Genkō War

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Genkō War
Part of the 14th century Imperial-Shogunal conflicts
Kusunoki Masashige statue.jpg
A statue of Kusunoki Masashige outside the Imperial Palace in Tokyo
Date1331–1333
Location
Result

Imperial victory

Belligerents
Imperial forces loyal to
Emperor Go-Daigo
Kamakura Shogunate
Commanders and leaders

The Genkō War (元弘の亂, Genkō no Ran), also known as the Genkō Incident (元弘の變, Genkō no Hen), was a civil war fought in Japan between the Emperor Go-Daigo and the Kamakura Shogunate from 1331 to 1333. The Genkō War was named after Genkō, the Japanese era corresponding to the period of 1331 to 1334 when the war occurred.

Background[edit]

Go-Daigo became Emperor of Japan in 1318 and sought to remove the Kamakura Shogunate, which had ruled Japan as a de facto military government from the city of Kamakura since the Genpei War in 1185, and restore power to civilian government under the Imperial House in Kyoto. The Kamakura Shogunate was indirectly ruled by the Hōjō clan as shikken – the regents of the Shōgun – and actively blocked the Emperor's manoeuvres to restore Imperial rule.

Conflict[edit]

First uprising[edit]

In 1331, Go-Daigo plotted to seize power through force and overthrow the Kamakura Shogunate by encouraging his vassals and other anti-Hōjō samurai to rebel. However, Go-Daigo was betrayed when his trusted adviser Fujiwara Sadafusa alerted the shogunate, who dispatched troops to Kyoto to suppress the uprising. Go-Daigo fled Kyoto with the Sacred Treasures and sought refuge in Kasagi, a secluded monastery overlooking the Kizu River. Go-Daigo managed to escape Kasagi when it was attacked by Kamakura troops in the Siege of Kasagi, but was soon apprehended. Go-Daigo was subsequently exiled to the Oki Islands and the Kamakura then enthroned Emperor Kōgon, the first Emperor of the "Northern Court", setting the stage for the upcoming Nanboku-chō period.[1] Go-Daigo's son Prince Morinaga continued to fight against the Kamakura, leading his father's supporters alongside Kusunoki Masashige.[1]

Second uprising[edit]

In 1333, Go-Daigo escaped Oki two years after his exile with the help of Nawa Nagatoshi (名和長年) and his family, raising a new Imperial army at Funagami Mountain in Hōki Province, in the modern town of Kotoura, Tottori Prefecture.[1]:15 Meanwhile, Ashikaga Takauji, the chief general of the Hōjō, was dispatched west to fight against Go-Daigo's second uprising. However, for unknown reasons, Takauji defected to Go-Daigo's army shortly before reaching Kyoto, and began to fight against the Hōjō. The reason for Takauji's defection is unknown, but assumed to be because of his unofficial leadership of the Minamoto clan, the victors of the Genpei War and arch-rivals of the former Taira clan to which the Hōjō had belonged. Additionally, Takauji possibly hoped of being named Shōgun by Go-Daigo after his restoration to power. The Imperial army lifted the Siege of Chihaya and Imperial general Nitta Yoshisada won a string of victories in the Kōzuke–Musashi campaign in May, including the Siege of Chihaya, the Battle of Kotesashi, the Battle of Kumegawa, and the Battle of Bubaigawara. The Kamakura Shogunate was eventually defeated at the Siege of Kamakura in early July, when Imperial forces entered the destroyed city and the Hōjō committed suicide.[1]:15–21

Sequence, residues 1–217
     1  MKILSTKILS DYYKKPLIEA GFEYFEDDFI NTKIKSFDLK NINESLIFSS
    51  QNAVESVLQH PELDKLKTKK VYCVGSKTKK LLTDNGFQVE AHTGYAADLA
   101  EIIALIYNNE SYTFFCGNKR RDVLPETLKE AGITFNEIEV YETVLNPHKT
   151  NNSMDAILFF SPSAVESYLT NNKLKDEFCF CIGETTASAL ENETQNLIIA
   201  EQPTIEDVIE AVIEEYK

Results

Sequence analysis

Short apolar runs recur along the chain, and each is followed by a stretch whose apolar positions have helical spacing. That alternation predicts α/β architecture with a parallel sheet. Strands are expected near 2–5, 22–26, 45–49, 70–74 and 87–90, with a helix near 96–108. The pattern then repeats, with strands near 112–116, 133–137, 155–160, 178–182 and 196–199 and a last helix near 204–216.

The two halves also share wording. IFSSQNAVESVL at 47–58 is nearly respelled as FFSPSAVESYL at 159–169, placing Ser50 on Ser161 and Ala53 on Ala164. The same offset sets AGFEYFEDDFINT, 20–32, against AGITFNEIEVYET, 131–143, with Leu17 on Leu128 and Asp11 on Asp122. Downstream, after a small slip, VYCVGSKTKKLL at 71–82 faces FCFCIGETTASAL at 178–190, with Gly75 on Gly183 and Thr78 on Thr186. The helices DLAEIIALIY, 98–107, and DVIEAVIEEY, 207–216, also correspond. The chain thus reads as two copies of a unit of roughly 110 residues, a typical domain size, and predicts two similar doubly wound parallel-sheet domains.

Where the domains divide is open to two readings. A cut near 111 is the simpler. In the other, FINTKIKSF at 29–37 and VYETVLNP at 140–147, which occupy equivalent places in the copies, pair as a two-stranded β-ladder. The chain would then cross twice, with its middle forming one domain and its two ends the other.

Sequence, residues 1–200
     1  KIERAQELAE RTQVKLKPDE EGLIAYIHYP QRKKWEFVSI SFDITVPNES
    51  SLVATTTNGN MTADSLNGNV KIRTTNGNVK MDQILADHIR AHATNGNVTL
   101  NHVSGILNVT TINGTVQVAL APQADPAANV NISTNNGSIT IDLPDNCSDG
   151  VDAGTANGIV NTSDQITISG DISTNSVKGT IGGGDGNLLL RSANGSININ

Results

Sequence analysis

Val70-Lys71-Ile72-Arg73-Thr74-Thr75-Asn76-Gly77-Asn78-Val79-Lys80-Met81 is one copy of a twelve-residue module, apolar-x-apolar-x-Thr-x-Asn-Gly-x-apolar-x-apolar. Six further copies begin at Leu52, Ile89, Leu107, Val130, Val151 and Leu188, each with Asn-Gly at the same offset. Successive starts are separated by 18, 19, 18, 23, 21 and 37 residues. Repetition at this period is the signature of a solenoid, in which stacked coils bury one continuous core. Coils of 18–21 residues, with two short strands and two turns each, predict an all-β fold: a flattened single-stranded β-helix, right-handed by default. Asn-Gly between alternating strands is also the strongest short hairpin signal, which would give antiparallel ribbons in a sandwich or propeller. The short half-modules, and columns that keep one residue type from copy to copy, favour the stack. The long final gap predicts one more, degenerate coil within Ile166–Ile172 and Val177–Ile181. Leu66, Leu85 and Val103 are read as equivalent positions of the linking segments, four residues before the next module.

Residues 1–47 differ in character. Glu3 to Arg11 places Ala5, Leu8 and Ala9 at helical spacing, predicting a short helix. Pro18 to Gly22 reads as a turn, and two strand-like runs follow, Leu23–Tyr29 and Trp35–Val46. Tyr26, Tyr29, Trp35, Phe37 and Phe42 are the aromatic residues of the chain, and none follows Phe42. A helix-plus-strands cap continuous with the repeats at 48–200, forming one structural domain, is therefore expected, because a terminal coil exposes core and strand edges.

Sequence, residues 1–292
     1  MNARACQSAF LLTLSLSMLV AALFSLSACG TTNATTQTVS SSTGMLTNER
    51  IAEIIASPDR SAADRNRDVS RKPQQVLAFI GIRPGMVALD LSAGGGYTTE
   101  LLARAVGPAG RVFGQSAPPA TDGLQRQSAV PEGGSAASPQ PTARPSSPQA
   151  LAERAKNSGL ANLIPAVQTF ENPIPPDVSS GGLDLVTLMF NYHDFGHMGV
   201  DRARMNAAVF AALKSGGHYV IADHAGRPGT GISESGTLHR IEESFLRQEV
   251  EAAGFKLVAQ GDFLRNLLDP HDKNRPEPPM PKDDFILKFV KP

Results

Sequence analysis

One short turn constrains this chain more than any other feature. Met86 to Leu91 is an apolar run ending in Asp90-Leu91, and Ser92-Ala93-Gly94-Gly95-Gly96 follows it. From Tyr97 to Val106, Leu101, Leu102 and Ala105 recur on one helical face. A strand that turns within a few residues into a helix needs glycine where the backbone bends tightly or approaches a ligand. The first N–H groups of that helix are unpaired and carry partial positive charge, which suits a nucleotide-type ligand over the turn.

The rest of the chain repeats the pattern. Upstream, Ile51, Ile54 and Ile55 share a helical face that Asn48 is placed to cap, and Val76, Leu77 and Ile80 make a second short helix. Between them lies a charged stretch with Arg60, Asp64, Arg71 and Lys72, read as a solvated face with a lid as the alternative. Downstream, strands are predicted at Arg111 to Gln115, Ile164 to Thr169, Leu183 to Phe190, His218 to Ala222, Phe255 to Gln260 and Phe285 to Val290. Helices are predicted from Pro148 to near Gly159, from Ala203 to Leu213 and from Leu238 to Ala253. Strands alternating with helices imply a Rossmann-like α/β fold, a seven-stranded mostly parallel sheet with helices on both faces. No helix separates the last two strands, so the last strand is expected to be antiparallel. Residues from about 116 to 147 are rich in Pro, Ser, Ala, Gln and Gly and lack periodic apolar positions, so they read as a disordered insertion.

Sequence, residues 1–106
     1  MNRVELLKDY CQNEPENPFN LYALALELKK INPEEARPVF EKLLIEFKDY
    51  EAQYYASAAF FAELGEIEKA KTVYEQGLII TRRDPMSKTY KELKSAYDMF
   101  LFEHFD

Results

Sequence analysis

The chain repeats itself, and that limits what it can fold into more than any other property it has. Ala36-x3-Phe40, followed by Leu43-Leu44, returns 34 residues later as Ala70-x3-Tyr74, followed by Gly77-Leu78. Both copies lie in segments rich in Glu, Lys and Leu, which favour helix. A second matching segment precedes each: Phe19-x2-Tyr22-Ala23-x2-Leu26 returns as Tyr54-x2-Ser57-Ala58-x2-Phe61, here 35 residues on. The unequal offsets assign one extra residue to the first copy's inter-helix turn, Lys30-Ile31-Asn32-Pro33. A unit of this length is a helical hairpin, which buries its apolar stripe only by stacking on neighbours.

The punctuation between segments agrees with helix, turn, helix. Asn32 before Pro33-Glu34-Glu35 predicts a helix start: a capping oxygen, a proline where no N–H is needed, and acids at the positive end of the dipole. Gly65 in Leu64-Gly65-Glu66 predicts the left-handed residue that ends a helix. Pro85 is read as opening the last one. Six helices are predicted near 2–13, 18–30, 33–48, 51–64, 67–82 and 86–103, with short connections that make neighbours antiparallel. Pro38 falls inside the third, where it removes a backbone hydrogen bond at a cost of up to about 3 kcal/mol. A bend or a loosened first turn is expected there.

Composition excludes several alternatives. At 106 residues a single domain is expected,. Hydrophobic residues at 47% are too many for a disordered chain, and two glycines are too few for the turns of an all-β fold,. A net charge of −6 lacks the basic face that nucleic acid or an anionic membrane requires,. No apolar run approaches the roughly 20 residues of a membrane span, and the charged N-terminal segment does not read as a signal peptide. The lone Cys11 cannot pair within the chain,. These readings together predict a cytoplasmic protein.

Aftermath[edit]

Go-Daigo triumphantly returned to Kyoto and claimed power from Emperor Kōgon in what came to be known as the Kenmu Restoration. Go-Daigo's rule would only last three years as his policies disillusioned his supporters, and most of the accomplishments of the Genkō War were gradually undone. Many samurai who had fought for Go-Daigo were dissatisfied with their rewards, and his pursuit of consolidating Imperial power led to their subsequent exclusion from political affairs, whereas they had held significant influence under the shogunate. Japanese commoners were similarly dissatisfied as Go-Daigo failed to address the issues they had petitioned for him to solve. In 1336, Ashikaga Takauji named himself the Shōgun and seized power from Emperor Go-Daigo, establishing the Ashikaga Shogunate based on the Kamakura system and marking the beginning the Nanboku-chō "Northern and Southern Courts" period.

References[edit]

  1. ^ a b c d Sansom, George (1961). A History of Japan, 1334–1615. Stanford University Press. pp. 7–11. ISBN 0804705259.

Further reading[edit]

  • Frederic, Louis (2002). "Japan Encyclopedia." Cambridge, Massachusetts: Harvard University Press. ISBN 0-674-01753-6.
  • Papinot, E. (1910). "Historical and Geographical Dictionary of Japan. 1972 Printing. Charles E. Tuttle Company, Tokyo, ISBN 0-8048-0996-8.